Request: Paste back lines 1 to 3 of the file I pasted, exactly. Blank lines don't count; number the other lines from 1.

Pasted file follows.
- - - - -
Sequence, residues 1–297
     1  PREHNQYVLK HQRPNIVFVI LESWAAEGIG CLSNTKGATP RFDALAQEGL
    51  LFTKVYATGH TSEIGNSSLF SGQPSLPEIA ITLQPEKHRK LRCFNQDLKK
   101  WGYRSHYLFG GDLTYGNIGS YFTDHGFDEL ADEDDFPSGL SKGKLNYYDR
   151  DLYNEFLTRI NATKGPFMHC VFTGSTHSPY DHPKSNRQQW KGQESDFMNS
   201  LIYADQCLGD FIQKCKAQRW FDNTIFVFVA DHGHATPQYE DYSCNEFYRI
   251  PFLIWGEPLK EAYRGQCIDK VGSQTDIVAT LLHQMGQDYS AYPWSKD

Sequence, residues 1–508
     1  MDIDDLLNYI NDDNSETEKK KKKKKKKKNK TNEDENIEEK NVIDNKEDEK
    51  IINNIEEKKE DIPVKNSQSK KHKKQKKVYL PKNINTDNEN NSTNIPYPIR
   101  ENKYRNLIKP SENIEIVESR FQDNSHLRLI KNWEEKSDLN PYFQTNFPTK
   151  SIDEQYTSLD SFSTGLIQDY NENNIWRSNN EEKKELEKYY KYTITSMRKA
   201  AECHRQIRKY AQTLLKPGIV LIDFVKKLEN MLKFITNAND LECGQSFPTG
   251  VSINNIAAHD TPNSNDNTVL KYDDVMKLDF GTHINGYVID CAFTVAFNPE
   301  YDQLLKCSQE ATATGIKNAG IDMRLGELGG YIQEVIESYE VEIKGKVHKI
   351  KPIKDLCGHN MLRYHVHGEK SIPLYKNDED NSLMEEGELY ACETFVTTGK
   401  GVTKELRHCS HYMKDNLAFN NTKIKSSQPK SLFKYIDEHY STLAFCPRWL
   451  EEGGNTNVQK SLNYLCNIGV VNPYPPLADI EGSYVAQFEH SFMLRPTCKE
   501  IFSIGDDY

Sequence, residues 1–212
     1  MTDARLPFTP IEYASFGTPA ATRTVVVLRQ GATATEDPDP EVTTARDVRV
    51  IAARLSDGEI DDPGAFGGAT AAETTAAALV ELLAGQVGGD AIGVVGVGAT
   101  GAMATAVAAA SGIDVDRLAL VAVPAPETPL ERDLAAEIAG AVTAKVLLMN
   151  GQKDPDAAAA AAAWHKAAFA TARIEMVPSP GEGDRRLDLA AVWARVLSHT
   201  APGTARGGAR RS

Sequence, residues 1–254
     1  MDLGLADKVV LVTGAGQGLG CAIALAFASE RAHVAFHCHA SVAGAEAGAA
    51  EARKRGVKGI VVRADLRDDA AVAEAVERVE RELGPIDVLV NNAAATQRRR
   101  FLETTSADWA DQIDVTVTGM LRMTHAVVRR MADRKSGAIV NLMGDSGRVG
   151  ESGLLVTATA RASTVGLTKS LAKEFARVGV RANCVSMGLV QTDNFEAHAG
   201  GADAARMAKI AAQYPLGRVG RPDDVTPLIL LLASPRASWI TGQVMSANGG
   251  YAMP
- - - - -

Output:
Sequence, residues 1–297
     1  PREHNQYVLK HQRPNIVFVI LESWAAEGIG CLSNTKGATP RFDALAQEGL
    51  LFTKVYATGH TSEIGNSSLF SGQPSLPEIA ITLQPEKHRK LRCFNQDLKK